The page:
I’ve got to put this out there right off the bat: I’m a yeller. I come from a family of yellers. Getting a couple of us in a room for ten minutes will be proof positive enough for anyone’s definition of yelling. It’s what we do. Lis doesn’t. Lis’ family doesn’t. Her being around my family for a while can be jarring, it’s taxing for me, so I can only imagine what it’s like for someone who wasn’t brought up in the cacophony. Now we have Finn – let me clarify, Finn as a toddler.
As anyone with a toddler can attest, it’s hard NOT to yell at them. From throwing a seemingly random fit, sudden aversions to food previously loved, to bullheadedness for the sake of being stubborn – it’s a raging ocean of emotions. Then they hug you and say they love you and it’s all better, but it’s in that between space where you’ve got to get your point across – which becomes a rope bridge across a chasm of bubbling frustration.
For me, it’s a real struggle not to flip the shout-switch and go right into it. I’m bigger, I’m louder, and you are going to listen to me. Even if my child was a primate, in reflective clam I know that approach doesn’t work. I’m trying, desperately, to keep even tones to repeat myself and make my point clear. It’s not always easy and I fail at doing so. It comes back at me, quickly too, when I drop the shield. Sometimes I parry – breathe, repeat myself and we motion though it. Other times, the verbal gloves come off – I raise my voice, he raises his, and the train barrels down the track and away we go. Granted, I know yelling doesn’t change anything, and stokes his passionate toddler reluctance, but sometimes, sometimes I’ve got to let it out. Usually it ends up with me storming off or walking away or him in time out, but sorrys are parsed and the bulls put their horns away.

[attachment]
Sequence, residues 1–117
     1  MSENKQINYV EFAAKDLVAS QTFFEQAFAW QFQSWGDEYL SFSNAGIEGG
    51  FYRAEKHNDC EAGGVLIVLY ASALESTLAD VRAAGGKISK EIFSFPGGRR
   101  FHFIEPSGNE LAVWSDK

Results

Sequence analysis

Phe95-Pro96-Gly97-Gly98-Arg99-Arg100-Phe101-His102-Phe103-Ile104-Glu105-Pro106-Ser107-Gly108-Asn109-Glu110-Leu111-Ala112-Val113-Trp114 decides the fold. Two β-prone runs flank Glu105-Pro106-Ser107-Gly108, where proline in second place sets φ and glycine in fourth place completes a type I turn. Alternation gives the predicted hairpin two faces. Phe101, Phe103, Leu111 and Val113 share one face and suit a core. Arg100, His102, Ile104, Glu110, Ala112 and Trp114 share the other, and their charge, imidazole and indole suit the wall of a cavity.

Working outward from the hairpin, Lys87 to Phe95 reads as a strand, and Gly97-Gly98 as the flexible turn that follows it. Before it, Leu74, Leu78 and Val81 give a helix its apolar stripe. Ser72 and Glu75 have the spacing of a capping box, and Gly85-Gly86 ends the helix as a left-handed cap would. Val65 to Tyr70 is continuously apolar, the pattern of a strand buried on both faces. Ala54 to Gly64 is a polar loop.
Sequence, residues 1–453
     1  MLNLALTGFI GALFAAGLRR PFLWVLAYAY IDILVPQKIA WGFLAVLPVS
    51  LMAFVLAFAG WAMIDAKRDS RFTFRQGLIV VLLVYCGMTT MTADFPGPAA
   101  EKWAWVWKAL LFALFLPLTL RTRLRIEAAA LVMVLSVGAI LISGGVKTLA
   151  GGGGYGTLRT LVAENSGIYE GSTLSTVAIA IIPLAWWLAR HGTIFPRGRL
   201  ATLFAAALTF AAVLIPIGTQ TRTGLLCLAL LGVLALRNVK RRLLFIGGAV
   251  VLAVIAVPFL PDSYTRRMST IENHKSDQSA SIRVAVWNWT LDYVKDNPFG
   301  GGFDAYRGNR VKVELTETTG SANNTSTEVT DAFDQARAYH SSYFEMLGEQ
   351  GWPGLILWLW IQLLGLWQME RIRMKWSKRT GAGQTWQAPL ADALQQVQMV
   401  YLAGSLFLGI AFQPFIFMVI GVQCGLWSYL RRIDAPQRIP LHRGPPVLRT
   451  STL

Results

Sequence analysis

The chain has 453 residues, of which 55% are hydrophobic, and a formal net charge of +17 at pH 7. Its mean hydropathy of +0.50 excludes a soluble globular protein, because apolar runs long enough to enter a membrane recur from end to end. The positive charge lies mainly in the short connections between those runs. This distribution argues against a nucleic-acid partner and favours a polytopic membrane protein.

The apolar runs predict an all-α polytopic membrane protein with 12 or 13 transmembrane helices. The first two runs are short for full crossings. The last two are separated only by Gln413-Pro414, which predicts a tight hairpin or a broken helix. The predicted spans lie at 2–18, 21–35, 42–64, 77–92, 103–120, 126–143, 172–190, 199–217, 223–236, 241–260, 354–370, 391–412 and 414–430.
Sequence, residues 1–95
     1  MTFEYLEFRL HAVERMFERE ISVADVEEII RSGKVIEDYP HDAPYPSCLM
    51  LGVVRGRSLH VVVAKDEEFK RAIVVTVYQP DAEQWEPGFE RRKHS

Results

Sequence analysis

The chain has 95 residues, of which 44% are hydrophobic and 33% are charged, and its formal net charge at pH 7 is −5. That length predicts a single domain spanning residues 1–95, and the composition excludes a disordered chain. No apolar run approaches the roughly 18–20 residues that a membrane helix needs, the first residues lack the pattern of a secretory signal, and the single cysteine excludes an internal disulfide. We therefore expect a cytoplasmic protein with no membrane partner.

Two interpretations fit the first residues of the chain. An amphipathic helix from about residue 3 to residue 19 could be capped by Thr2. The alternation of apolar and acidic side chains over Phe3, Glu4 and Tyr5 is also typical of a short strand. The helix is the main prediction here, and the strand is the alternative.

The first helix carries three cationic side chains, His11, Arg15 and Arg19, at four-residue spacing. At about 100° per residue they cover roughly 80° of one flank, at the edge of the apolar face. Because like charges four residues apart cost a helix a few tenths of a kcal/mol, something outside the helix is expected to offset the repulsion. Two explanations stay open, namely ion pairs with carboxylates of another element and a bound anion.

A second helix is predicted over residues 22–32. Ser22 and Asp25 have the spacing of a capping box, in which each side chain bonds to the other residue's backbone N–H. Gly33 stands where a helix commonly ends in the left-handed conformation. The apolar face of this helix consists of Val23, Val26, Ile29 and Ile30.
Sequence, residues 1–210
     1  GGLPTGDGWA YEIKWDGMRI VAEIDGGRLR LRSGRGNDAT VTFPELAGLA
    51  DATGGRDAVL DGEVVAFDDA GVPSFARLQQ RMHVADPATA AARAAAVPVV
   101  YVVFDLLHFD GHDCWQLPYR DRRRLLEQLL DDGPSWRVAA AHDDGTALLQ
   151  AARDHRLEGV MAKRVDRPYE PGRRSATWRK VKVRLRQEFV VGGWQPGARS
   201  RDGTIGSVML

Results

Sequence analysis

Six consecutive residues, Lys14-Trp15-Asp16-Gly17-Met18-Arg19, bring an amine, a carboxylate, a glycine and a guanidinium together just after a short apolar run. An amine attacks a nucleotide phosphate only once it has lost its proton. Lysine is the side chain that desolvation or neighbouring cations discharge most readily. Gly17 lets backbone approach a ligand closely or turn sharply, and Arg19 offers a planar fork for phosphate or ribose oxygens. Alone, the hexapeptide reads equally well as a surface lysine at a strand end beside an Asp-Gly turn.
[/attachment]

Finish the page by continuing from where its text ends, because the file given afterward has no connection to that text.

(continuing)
I’ve got to get better at holding back, it isn’t fair to him to have a guardian, companion, caretaker, fire a shout-fest across his ever confusing world. He’s at an age where he’s putting the pieces together and we’ve got the help him find the right placement to his puzzle. I don’t want him to think dads yell when you are bad, or don’t listen; I’d rather be a compassionate understanding, stoic example. I’m the adult, I’m the example.
Thankfully, each day comes as a way for me to handle it better than yesterday, each bedtime becomes a time of quiet self-reflection – allowing me to evaluate myself. Try harder tomorrow, he’ll forgive you.